Sunday, 22 July 2018

Stunning Mermaid is right off the scale

WHAT to make of Mermaid at The Playhouse? Stunning, yes; visually exciting, yes; sexy, oh yes!

WHAT to make of Mermaid at The Playhouse? Stunning, yes; visually exciting, yes; sexy, oh yes! As for what it meant, I’m still working it out, but it hardly matters, it’s a beautiful piece of theatre.

Mermaid is an update for the 21st century of The Little Mermaid, a children’s story made adult in this exquisite production. Polly Teale brings her excellent track record back to the Playhouse with Shared Experience to take us into a world of fantasy with real life sewn into it. Real life in the form of yearning, frustration, angst and pragmatism.

How does that fit a children’s story? Quite easily, they are all meant to prepare us for being grown up by presenting us with aerated versions of what’s to come. Here Ms Teale fills in the gaps, but while it’s sexy it’s never lewd or suggestive and there remains an innocence about it.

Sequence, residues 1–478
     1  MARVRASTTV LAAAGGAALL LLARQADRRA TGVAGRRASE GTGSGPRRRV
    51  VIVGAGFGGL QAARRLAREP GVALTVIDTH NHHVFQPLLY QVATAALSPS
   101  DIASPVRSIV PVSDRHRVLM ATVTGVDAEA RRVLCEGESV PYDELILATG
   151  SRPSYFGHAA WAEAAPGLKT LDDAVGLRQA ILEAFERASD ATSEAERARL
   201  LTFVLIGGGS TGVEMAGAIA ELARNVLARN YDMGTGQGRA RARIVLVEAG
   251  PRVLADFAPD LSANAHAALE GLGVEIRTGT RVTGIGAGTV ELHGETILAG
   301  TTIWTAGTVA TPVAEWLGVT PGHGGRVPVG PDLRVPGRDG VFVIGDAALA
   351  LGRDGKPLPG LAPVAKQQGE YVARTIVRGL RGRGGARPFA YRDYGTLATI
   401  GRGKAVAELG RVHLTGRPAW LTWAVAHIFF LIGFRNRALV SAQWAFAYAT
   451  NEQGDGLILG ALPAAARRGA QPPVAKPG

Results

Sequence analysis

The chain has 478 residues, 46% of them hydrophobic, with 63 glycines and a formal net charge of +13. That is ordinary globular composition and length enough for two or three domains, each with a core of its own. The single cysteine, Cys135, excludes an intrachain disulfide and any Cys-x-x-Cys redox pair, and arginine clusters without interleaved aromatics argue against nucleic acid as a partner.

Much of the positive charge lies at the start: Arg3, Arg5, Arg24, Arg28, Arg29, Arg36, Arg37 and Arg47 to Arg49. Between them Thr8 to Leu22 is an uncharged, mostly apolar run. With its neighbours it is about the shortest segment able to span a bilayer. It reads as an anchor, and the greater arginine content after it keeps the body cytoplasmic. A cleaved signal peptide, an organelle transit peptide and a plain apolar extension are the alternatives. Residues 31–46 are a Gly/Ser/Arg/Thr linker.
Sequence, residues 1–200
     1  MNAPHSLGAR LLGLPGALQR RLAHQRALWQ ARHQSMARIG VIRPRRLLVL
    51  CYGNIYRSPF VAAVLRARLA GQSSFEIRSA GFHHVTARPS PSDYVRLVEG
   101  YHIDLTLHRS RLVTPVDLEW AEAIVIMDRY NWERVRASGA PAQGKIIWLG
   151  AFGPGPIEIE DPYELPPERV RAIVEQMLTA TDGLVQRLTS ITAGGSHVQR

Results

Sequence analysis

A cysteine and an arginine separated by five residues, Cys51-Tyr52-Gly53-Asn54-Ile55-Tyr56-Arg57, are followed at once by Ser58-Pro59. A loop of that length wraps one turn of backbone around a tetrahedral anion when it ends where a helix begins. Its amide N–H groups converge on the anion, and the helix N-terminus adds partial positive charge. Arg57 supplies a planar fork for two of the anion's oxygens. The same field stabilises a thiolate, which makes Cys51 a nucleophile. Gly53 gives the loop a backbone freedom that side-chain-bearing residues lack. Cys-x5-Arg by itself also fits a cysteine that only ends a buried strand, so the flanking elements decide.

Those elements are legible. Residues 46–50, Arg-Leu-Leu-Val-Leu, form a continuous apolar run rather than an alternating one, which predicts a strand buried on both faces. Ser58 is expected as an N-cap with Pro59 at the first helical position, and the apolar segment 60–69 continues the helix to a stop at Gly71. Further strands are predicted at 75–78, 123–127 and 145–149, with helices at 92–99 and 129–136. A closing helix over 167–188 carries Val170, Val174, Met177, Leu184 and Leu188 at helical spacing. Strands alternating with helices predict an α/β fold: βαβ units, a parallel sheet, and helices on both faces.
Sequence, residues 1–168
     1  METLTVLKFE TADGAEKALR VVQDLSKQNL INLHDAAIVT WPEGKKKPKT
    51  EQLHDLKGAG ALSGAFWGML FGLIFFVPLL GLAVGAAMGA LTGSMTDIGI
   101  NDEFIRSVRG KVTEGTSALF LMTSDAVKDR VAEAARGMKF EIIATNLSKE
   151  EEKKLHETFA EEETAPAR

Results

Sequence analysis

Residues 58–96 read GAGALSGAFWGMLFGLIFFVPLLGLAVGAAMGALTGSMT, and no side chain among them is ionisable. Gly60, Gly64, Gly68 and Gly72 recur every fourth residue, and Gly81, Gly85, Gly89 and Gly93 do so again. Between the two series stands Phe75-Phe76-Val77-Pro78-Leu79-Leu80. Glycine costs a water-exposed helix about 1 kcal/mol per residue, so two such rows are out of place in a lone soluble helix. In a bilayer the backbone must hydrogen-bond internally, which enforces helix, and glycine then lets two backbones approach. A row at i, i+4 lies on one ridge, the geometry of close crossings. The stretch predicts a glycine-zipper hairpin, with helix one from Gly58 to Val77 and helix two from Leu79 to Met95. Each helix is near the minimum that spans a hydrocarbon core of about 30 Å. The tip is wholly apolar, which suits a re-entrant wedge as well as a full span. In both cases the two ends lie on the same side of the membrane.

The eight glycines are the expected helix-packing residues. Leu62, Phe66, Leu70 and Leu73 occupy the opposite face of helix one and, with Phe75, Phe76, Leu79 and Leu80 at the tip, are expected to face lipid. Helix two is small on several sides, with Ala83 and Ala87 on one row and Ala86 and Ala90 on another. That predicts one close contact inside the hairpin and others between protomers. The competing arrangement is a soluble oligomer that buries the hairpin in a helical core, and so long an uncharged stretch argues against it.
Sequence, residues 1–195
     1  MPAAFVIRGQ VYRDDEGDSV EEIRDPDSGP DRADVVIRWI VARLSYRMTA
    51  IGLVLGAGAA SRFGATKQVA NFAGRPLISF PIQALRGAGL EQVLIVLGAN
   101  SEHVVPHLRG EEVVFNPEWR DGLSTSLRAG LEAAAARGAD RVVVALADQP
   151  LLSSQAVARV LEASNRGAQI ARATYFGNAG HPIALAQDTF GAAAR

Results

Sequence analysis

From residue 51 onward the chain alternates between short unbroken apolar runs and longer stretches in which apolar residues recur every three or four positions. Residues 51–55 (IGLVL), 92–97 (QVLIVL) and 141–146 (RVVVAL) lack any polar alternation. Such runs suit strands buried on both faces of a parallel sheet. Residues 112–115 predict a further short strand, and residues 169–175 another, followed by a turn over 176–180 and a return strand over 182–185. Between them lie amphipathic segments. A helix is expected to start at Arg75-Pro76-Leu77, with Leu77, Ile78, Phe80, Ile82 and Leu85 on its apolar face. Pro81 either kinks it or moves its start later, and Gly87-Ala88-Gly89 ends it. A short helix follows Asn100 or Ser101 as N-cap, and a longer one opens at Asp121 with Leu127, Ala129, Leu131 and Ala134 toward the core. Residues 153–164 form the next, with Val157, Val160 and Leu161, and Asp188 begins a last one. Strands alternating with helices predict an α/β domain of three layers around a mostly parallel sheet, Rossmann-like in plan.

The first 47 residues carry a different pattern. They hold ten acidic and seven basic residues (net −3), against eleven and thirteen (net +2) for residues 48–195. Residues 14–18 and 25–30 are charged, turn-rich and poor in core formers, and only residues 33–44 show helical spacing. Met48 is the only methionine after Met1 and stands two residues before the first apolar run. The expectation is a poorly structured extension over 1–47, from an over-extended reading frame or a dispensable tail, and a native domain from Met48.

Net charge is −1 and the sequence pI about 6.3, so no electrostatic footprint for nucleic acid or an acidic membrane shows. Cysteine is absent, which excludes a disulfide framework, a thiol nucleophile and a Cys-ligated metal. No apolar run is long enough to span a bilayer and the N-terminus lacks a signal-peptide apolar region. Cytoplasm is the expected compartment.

The first two-thirds is taken up with a band of immortal mermaids playing, dolphin-like, beneath the waves as their mentor explains the ways of man. One of them encounters a drowning prince and brings him back to the surface. He is saved.

It’s not really a spoiler to say she winds up forsaking her mermaidenhood — and her voice — to pursue the prince, convert her tail to legs and live unhappily on land.



But woven into this are adult themes about family expectation, war and violence, media exploitation and parasitism. So while she strains to get above the surface, the prince is trying to get below it again, to some unknowable contentment. Illustrations of real-life combat in Afghanistan and the royal family — Princes Harry and William — come up against the fairy story and beat it down.

Special mention must be made of the movement which is so convincing that we could almost start gasping for air for all the belief that we’re underwater. The mermaids have no tails but use their legs as if they are dolphins and playfully move up, down and across like children in the water. Sometimes this is so effective it distracts from the dialogue, but that’s easily forgiven.

Frankly this piece is so alive with ideas, philosophies and physicality that trying to establish what it’s about will have to come later, when it’s all gelled. In the meantime it’s best to let it wash over you and just experience it in the moment. It’s worth it.

Mermaid is at the Oxford Playhouse until tomorrow (Saturday).

Review: Mike Rowbottom



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